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STUDENT FINANCIAL SUPPORT IN BRITAIN: POLICY CONTRADICTIONS PowerPoint Presentation
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STUDENT FINANCIAL SUPPORT IN BRITAIN: POLICY CONTRADICTIONS

STUDENT FINANCIAL SUPPORT IN BRITAIN: POLICY CONTRADICTIONS

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STUDENT FINANCIAL SUPPORT IN BRITAIN: POLICY CONTRADICTIONS

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  1. STUDENT FINANCIAL SUPPORT IN BRITAIN: POLICY CONTRADICTIONS 29 April 2004 Prof. Claire Callender London South Bank University, UK callencs@sbu.ac.uk

  2. The Government’s Higher education Proposals explained “At the heart of Government education policies is the belief that people with aspiration and talent, irrespective of background, must have the opportunity to get on in life……... We should not put a cap on ambition. Opportunity must be open to all. ” Jan 2004

  3. Reforms of student funding • Will they help to widen participation? • Will the costs of HE be distributed fairly and equitably? • Will student financial support go to those that need it most?

  4. 1998 Teacher and Higher Education Act • introduced flat rate means-tested tuition fees (2004=£1,125 or $2,700) ; • abolished grants for living costs, replaced by student loans which were partly means-tested; and • established a different, and fairer, method of repaying loans.

  5. 2004 Higher Education Bill • Variable tuition fees up to £3,000 ($7,225), paid after graduation via student loans. • ALL students have to pay fees - not means-tested • Means-tested HE Grant up to £2,700 ($6,500) - full grant for students from households with incomes < £15,210 ($36,630) • Student loan repayment threshold lifted to £15,000. • Debt written off after 25 years • Office for Fair Access - regulator • Bursaries

  6. Changes in the composition of students' income 1988/9-2002/3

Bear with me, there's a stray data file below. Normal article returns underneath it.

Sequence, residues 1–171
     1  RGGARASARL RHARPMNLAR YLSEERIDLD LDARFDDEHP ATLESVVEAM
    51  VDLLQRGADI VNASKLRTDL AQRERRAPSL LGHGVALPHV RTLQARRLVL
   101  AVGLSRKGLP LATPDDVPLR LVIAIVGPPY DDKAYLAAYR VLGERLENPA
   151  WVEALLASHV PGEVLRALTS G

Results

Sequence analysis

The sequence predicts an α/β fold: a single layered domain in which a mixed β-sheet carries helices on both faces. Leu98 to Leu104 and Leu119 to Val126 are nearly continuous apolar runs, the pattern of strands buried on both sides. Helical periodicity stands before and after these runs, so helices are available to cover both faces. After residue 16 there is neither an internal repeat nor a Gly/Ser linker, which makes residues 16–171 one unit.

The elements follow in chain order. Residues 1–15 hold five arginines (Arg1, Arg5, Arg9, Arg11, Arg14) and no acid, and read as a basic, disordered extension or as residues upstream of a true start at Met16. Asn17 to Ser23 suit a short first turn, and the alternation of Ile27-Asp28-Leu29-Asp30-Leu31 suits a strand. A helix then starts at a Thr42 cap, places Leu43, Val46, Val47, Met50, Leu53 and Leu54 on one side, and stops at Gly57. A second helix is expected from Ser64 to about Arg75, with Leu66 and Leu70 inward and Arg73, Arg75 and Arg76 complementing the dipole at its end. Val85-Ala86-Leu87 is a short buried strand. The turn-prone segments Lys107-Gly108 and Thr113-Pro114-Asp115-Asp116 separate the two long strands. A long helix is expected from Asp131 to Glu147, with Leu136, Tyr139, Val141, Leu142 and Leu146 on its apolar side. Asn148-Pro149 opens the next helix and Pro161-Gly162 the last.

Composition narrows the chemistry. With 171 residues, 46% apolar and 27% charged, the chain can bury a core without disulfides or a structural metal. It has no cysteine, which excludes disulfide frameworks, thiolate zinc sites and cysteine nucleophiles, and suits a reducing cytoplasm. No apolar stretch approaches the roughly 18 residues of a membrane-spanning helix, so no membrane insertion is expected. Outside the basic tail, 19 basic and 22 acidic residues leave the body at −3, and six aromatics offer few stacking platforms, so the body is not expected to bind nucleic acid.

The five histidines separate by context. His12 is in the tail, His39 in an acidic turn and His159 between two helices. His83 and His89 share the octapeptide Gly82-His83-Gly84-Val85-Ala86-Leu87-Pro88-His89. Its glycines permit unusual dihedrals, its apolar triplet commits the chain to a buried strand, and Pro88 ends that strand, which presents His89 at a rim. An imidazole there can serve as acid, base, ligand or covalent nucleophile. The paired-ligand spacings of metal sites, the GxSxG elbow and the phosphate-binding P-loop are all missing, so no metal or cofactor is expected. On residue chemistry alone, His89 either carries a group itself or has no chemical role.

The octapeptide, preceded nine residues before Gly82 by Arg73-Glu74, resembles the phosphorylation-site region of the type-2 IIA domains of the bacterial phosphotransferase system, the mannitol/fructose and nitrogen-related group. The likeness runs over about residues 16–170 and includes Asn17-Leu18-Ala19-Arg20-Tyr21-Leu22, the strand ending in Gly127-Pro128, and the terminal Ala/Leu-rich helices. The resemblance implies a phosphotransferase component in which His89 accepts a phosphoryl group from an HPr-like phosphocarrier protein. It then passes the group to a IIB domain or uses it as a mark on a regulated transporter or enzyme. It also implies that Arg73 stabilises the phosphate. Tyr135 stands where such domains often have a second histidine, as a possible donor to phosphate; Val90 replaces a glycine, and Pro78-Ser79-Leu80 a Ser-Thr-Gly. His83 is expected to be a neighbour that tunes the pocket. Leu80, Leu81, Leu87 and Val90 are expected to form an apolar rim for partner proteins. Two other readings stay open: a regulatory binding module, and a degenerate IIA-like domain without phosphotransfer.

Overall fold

7. Changes in student debt since 1998/99 - the facts • Students graduating in 2003 are more likely to be in debt than those who graduated in 1998. • Students graduating in 2003 are two and half times more in debt than those who graduated in 1998. • Since 1998/9, commercial borrowing has increased threefold. Source: C. Callender and D. Wilkinson (2003) 2002/03 Student Income and Expenditure Survey, Research Report 487, DfES, Nottingham

  8. Student debt in 2002/03 - the facts • 92% of students anticipate leaving university with debts • Average debt on leaving university is £8,666 ($20,870) • Students who are poor before going to university are more likely to be in debt and to leave with the largest debts • Poor students’ average debt is £9,708 ($23,380) and half have debts over £10,392 ($25,028) • Poor students have 43% higher debts than wealthier students Source :C. Callender and D. Wilkinson (2003) 2002/03 Student Income and Expenditure Survey, Research Report 487, DfES, Nottingham

  9. Changes in the composition of students' income 1988/9-2002/3

  10. Student hardship - the facts • Since 1998/9, students’ expenditure has risen twice as fast as their income. • In 2002/3, 43 per cent of students had, what the government defines as poverty incomes. • Twice as many students are at risk of poverty incomes as similar households in the general population. • Those most at risk come from the poorest families. Source: C. Callender and D. Wilkinson (2003) 2002/03 Student Income and Expenditure Survey, Research Report 487, DfES, Nottingham

  11. Reforms of student funding • Will they help to widen participation? • Will the costs of HE be distributed fairly and equitably? • Will student financial support go to those that need it most?